Literature Review

Biosimilar equal to natalizumab for relapsing remitting MS



An agent biologically similar to the humanized monoclonal antibody natalizumab is as effective and safe as the original reference drug for relapsing remitting multiple sclerosis (RRMS) – and has a similar level of immunogenicity, new research shows.

The investigators noted that these phase 3 trial findings are the final stage in the regulatory approval process.

“There will be a biosimilar that with respect to all parameters – efficacy, side effects, immunogenicity – doesn’t differ from the original drug and will probably be an option to consider to reduce treatment costs in MS,” said lead investigator Bernhard Hemmer, MD, a professor in the department of neurology, Technical University of Munich (Germany).

The findings were published online in JAMA Neurology.

Potential cost savings

Disease-modifying therapies (DMTs), particularly targeted biologics, have revolutionized the treatment of MS, including RRMS. Natalizumab, which was the first targeted biologic therapy approved for RRMS, is very effective and widely used, Dr. Hemmer said.

However, this and other DMTs are costly. Biosimilars, which are medicines clinically similar to an already marketed reference biologic medicine, can address this issue. In the areas of rheumatology and oncology, biosimilars have already demonstrated significant cost savings and improved treatment access.

The biosimilar natalizumab (biosim-NTZ), developed by Polpharma Biologics, is the first biosimilar monoclonal antibody therapy to be developed for MS.

Health authorities such as the Food and Drug Administration require comparative phase 3 studies to confirm there are no clinically relevant differences between a proposed biosimilar and its reference medicine.

The new multicenter, phase 3, double-blind, randomized trial – known as Antelope – included 264 adult patients with RRMS at 48 centers in seven Eastern European countries. Most study participants were women (61.4%), and their mean age was 36.7 years.

All study participants were randomly assigned to receive intravenous infusions every 4 weeks of 300 mg of biosim-NTZ or reference natalizumab (ref-NTZ) for a total of 12 infusions.

At week 24, 30 patients were switched from ref-NTZ to biosim-NTZ for the remainder of their infusions. Including such a population is required by regulatory agencies to ensure switching patients from a drug they’ve been taking to a new biosimilar does not introduce any concerns, said Dr. Hemmer.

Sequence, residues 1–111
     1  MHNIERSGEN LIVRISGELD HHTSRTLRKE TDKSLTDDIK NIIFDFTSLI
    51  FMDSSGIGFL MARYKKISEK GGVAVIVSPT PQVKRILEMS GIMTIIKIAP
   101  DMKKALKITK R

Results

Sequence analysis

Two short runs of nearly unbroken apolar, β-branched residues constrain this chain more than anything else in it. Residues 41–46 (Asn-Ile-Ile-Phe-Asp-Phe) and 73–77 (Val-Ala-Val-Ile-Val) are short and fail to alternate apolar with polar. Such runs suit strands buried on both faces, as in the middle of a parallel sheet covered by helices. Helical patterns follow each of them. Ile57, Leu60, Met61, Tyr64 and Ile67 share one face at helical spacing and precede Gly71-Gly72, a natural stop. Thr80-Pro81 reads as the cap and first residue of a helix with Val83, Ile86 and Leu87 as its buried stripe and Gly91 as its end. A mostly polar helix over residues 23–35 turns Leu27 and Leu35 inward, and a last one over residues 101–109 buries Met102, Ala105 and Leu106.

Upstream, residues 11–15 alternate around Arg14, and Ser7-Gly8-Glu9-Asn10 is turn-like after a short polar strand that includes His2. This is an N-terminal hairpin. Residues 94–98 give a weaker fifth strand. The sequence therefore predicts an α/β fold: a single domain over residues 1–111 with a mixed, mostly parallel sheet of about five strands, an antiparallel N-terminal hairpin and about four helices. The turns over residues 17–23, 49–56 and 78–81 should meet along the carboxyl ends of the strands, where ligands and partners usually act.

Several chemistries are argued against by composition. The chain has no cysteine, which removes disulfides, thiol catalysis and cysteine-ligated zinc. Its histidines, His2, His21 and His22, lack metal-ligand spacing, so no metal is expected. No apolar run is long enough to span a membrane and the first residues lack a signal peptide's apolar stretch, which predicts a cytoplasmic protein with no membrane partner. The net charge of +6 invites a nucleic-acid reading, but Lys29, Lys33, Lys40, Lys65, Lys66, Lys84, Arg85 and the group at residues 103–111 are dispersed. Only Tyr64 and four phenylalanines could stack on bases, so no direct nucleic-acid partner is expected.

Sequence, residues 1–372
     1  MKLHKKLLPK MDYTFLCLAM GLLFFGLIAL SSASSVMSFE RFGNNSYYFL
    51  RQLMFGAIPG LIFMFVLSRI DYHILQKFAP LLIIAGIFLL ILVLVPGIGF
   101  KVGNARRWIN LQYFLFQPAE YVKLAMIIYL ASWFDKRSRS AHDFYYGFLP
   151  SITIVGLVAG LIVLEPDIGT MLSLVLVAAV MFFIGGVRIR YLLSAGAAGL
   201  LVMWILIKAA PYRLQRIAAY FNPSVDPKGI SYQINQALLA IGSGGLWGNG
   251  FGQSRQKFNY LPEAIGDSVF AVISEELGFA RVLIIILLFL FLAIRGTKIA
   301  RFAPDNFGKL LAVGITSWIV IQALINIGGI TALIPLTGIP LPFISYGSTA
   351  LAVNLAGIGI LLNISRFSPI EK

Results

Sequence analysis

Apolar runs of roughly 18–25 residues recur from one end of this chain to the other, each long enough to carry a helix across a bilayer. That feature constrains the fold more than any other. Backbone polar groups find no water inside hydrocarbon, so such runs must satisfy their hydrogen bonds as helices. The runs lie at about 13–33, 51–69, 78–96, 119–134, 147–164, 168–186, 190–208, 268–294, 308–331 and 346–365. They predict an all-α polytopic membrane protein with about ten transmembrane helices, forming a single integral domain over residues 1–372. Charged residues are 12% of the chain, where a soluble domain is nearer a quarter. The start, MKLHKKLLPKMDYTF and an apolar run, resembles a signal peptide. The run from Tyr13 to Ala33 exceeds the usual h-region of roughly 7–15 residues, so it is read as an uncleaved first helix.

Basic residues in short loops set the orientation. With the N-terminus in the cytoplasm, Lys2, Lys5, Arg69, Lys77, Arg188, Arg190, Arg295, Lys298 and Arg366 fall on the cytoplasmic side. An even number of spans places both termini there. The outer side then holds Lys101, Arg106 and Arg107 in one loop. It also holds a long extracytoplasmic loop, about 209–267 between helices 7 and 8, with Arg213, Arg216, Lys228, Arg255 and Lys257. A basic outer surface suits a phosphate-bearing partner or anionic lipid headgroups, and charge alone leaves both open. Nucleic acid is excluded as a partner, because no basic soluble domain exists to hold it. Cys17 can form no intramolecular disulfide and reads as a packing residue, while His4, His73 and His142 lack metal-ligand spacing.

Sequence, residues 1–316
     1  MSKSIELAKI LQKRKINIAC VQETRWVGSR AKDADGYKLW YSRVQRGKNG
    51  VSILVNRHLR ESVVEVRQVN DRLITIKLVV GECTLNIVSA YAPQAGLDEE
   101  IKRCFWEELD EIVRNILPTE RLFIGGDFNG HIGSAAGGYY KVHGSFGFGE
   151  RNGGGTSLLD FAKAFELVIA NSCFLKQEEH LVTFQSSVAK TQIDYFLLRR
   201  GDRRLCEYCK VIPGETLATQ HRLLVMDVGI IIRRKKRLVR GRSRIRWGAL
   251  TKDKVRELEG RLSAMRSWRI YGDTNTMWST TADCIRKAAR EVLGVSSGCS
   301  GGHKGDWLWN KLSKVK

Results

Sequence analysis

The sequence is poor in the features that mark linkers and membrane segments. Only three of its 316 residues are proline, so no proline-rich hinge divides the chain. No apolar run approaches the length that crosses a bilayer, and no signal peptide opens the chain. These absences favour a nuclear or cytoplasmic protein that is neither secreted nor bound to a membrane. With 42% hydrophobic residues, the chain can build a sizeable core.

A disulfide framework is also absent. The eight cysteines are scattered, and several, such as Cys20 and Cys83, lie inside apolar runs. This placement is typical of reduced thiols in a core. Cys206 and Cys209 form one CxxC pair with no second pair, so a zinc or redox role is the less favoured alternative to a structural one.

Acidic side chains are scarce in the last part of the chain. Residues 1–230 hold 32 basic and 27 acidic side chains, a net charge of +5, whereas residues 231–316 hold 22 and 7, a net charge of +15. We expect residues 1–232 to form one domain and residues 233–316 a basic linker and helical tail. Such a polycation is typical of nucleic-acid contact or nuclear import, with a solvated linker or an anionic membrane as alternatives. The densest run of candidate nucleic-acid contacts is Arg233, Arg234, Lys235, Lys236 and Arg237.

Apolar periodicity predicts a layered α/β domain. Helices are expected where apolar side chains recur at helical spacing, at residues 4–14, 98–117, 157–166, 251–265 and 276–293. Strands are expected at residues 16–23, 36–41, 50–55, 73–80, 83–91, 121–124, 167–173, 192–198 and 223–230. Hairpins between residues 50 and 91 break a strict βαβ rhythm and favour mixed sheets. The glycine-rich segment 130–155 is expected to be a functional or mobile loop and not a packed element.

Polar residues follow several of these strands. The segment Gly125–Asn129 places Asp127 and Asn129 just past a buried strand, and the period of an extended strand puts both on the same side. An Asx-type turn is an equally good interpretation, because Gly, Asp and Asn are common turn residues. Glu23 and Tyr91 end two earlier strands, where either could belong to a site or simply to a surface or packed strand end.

Comparable efficacy, safety profile

The primary efficacy endpoint was the cumulative number of new active brain lesions on MRI.

At baseline, 48.1% of the biosimilar group and 45.9% of the reference drug group had at least one gadolinium-enhancing lesion. In addition, 96.9% of the biosimilar group had more than 15 T2 lesions, compared with 96.2% of the reference group.

At week 24, the mean difference between biosim-NTZ and ref-NTZ in the cumulative number of new active lesions was 0.17 (least square means, 0.34 vs. 0.45), with a 95% confidence interval of –0.61 to 0.94 and a point estimate within the prespecified margins of ± 2.1.

The annualized relapse rate for biosim-NTZ and ref-NTZ was similar at 24 weeks (0.21 vs. 0.15), as well as at 48 weeks (0.17 vs. 0.13). For Expanded Disability Status Scale scores, which were similar between treatment groups at baseline (mean, 3.4 vs. 3.2), change at 24 and 48 weeks was minimal and similar in both groups.

The safety profile was as expected for patients with RRMS receiving natalizumab. There were few adverse events of special interest, with similar proportions across all treatment groups.

The overall adverse-event profile for patients who switched from ref-NTZ to biosim-NTZ was similar to patients continuing ref-NTZ treatment and did not indicate any new or increased risks associated with switching.

Rates of treatment-emergent adverse events (TEAEs) were similar, at 64.9% for biosim-NTZ, 68.9% for ref-NTZ, and 73.3% for the switch group. The most-reported TEAEs among all treatment groups were nervous system disorders and infections and infestations.

Progressive multifocal leukoencephalopathy (PML), a rare and potentially fatal demyelinating disease of the central nervous system, is associated with some DMTs – notably ref-NTZ. It is caused by infection with the John Cunningham virus (JCV) (also referred to as human polyomavirus), the researchers noted.

As per the study protocol, no participant had a JCV-positive index of more than 1.5 at baseline. Proportions of patients positive for anti-JCV antibodies were similarly distributed between treatment groups throughout the study.


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